The question becomes, is this result useful for QG turbulence? Typically, turbulence correlations are most meaningful in an ensemble average. However, ensemble averages are mainly a theoretical concept, and typically space or time averages are substituted for practical reasons. This is justified by the “ergodic hypothesis” (Monin and Yaglom 1971), which allows substitution of time averages for ensemble averages in stationary turbulence and spatial averages for ensemble averages in homogeneous turbulence. Therefore, the result (31) may be taken as an indication that in homogeneous quasigeostrophic turbulence the correlation

*g*→ ∞) or a constant-depth barotropic flow with a rigid-lid boundary condition, described by the barotropic vorticity equation. For such a flow (i.e., where the rigid-lid approximation is valid), the thickness

*h*is nearly constant and

**K**

*υ*′ = 0 on the north and south boundaries. This, therefore, implies the existence of a global constraint on any parameterization, whereas the present parameterization, like most others, is local when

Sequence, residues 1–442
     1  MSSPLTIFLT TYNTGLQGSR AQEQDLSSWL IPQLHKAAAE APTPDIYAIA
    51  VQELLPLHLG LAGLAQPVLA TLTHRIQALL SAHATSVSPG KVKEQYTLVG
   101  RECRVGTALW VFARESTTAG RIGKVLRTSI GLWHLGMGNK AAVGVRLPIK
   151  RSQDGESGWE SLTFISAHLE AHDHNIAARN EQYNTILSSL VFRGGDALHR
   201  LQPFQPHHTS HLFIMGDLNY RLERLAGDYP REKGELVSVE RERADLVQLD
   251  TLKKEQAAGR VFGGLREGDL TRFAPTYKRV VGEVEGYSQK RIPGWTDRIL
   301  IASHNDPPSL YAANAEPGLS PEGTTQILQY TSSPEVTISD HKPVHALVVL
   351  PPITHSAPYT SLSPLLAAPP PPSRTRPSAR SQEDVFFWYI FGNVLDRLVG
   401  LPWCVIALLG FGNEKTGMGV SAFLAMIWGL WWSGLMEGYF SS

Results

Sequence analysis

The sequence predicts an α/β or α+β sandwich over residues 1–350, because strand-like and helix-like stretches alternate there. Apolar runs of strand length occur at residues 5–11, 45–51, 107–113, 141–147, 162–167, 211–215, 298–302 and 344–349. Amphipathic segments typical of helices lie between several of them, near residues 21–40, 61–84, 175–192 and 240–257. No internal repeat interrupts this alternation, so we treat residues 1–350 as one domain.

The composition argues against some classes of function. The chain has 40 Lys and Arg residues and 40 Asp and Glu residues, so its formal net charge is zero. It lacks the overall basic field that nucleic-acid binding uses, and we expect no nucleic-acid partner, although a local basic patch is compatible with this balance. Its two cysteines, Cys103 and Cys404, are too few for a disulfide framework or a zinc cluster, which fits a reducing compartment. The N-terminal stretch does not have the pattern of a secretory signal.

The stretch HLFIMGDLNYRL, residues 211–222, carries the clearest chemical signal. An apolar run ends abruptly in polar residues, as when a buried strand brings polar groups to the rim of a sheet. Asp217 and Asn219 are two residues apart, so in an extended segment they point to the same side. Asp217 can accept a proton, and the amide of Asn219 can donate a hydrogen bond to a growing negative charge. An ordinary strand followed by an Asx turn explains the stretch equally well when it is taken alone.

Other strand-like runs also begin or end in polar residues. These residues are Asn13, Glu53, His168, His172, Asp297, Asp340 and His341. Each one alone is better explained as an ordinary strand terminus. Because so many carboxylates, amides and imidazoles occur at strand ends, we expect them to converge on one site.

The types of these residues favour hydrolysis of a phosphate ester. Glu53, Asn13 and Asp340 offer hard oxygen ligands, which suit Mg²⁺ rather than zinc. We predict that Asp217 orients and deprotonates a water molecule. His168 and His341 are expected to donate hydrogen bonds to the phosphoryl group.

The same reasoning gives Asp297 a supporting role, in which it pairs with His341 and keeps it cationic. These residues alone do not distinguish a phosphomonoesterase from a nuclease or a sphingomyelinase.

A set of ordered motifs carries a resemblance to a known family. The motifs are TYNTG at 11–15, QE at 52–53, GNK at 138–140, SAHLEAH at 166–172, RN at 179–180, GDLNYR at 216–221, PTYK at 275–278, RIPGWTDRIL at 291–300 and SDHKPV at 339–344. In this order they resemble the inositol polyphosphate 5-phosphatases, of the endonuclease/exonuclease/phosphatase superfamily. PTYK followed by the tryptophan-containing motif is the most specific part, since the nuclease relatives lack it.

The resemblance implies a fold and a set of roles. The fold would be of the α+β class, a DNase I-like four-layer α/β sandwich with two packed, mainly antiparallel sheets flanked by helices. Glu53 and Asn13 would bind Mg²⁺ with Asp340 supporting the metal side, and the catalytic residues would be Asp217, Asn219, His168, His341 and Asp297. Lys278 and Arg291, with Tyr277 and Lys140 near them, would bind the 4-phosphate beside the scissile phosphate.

**K**

*f*+

*ζ̃*

*f*in the PG case. This is our principal result. It is derived using only (15), a robust prediction of stochastic theory, the identity (20), and the fact that

*z*coordinates is useful for practical applications and is given in the appendix.

The bolus velocity in this form represents a flux of tracer up the potential vorticity gradient, which results from a modification of (17) given by the second term on the right-hand side of (32), the so-called *β* velocity. However, this modification is typically of very small magnitude (as will be seen in section 6) and will therefore have little practical impact, except for the fact that it importantly changes the conceptual basis for the parameterization of bolus velocity, from being based on the mixing of thickness as in GM90 to being based on the mixing of potential vorticity, as previously suggested by Treguier et al. (1997).

## 6. The *β* velocity

*β*velocity,

*t*along the trajectory we have

*q*

*t*

*q̂*

*t*

*q*

*t*

*q̂*

*q*